Third, the power and effect of the network was shown to be strongest on the estate where A2 lived. A2’s influence was thought to decline with distance; however, in associates and clients, particularly those living on the same estate, the influence remained the same. Moreover, regardless of distance, having any relationship with A2, whether by choice or circumstance, resulted in independence and privacy being taken away.
Finally, for five or more offences, child offending in Greentown (75%) was shown to be five times higher than the national average for burglary (15%). A possible explanation for this outcome is that a ‘network effect’ (p. 50) was present, persuading children to offend. The evidence in the Greentown study suggests that network factors differ between associates and family members. For associates, factors included how children were selected and recruited; strong pull and push dynamics; living in compliant surroundings; making deals to retain them; limiting their options and creating indecision to deter those that want to get out. However, factors for family members include ‘history, expectation, family brand, legitimacy to control, emergence, succession’ which suggest ‘a preordained role’(p. 51). Garda respondents in this study believe that network factors are pervasive in both children that reside near A2 and those whose family members are clients of A2.
The author identified a number of limitations to the study:
- The criminal network map relied on specific parameters, namely data for burglary and drugs for sale and supply offences (PULSE), which may have resulted in individuals clustering together on the map.
- Gardaí were asked to link their experiences to their interpretation of the network map, which was then interpreted by the researcher.
- ‘Time’ (2010‒2011) and the ‘offence type’ parameters (burglary and drugs for sale and supply) decided who or who did not appear on the network map.
- There were also limitations and weaknesses present in the PULSE data upon which the criminal network is based.3,4
The aim of this study was to explore whether criminal networks influenced children moving into a life of crime. As acknowledged by the author, it was problematic trying to determine cause and effect; at best this study provides sufficient evidence that ‘plausibly’ suggests that criminal networks may influence offending in children.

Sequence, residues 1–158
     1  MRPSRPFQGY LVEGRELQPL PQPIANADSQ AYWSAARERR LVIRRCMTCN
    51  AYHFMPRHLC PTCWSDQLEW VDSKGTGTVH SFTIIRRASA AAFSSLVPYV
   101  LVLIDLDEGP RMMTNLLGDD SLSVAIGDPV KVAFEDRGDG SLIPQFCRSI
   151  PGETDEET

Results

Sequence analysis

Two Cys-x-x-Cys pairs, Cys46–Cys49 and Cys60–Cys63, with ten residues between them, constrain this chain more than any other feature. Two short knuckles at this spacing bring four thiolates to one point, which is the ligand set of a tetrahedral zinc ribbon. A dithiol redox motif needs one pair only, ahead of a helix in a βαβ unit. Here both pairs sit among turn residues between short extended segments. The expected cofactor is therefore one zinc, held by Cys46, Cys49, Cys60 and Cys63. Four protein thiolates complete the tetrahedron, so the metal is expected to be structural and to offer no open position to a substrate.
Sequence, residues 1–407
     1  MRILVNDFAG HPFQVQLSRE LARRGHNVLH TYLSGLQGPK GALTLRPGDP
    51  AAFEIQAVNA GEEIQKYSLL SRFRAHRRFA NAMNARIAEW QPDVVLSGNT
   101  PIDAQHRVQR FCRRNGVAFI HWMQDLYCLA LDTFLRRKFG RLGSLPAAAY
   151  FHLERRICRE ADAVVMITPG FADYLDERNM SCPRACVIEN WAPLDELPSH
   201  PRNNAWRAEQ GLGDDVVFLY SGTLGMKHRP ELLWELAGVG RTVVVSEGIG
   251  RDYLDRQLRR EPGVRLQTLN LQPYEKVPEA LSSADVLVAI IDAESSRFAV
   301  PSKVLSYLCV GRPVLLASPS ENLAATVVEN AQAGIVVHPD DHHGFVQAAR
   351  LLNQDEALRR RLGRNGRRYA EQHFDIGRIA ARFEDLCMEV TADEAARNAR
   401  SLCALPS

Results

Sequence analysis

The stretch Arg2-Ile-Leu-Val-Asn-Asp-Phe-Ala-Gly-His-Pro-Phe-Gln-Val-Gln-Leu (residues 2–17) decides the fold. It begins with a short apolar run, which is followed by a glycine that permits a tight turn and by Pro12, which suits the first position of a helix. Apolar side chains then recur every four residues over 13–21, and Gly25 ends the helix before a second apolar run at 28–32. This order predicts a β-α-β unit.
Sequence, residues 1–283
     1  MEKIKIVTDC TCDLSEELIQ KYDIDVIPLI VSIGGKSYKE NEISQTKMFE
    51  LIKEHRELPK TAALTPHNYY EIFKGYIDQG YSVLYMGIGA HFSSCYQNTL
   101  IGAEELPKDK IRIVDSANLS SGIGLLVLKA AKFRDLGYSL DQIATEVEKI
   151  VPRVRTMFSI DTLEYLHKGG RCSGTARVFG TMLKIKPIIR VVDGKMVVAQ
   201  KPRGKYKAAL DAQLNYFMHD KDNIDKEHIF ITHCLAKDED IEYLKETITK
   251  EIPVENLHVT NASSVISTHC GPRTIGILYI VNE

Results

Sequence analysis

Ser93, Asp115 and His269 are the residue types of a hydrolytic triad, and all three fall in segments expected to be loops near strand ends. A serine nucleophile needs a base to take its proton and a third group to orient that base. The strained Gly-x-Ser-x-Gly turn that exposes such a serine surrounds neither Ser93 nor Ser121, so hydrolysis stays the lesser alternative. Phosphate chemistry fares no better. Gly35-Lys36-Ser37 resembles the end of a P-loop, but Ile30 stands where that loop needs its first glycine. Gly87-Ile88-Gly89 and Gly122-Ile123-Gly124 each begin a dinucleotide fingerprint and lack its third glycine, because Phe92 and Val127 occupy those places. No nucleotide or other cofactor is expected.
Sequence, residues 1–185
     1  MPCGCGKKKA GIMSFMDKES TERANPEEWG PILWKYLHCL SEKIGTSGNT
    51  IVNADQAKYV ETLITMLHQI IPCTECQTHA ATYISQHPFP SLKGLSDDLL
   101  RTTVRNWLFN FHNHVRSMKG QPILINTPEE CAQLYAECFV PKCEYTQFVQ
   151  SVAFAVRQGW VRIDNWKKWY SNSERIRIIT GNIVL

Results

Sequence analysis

However, the study increases the understanding of factors that influence offending in children under the age of 18 in an Irish context. It involved a multiagency response, which included the Department of Justice, the Department of Children and Youth Affairs, An Garda Síochána (members and analyst) and the University of Limerick. Policy and practical implications are also discussed in the report.
With the aim of extending this research further and helping vulnerable youths and children that are influenced into a life of crime in Ireland, a replication study is currently underway. The aim of this new study is to determine whether the results of the Greentown study can be generalised across Ireland. Although it will involve similar methodology, there will be slight differences, such as:
- Two additional sites instead of one
- Criminal network maps based on more recent PULSE data (2014‒2015)
- Semi-structured interviews of frontline Gardaí on both sites (n=20)
Additionally, in order to broaden the data collection, juvenile liaison officers throughout Ireland will be invited to participate in the survey.
1 Department of Children and Youth Affairs (2016) Lifting the lid on Greentown: why we should be concerned about the influence criminal networks have on children’s offending behaviour In Ireland. Dublin: Government Publications. http://www.drugsandalcohol.ie/26850/
2 Department of Children and Youth Affairs (2016) Lifting the lid on Greentown: key findings. Dublin: Government Publications. http://www.drugsandalcohol.ie/26850/
3 Central Statistics Office (2015) Review of the quality of crime statistics. Dublin: Government of Ireland. http://www.drugsandalcohol.ie/24887/
4 Central Statistics Office (2016) Review of the quality of crime statistics 2016. Cork: Central Statistics Office. http://www.drugsandalcohol.ie/26176/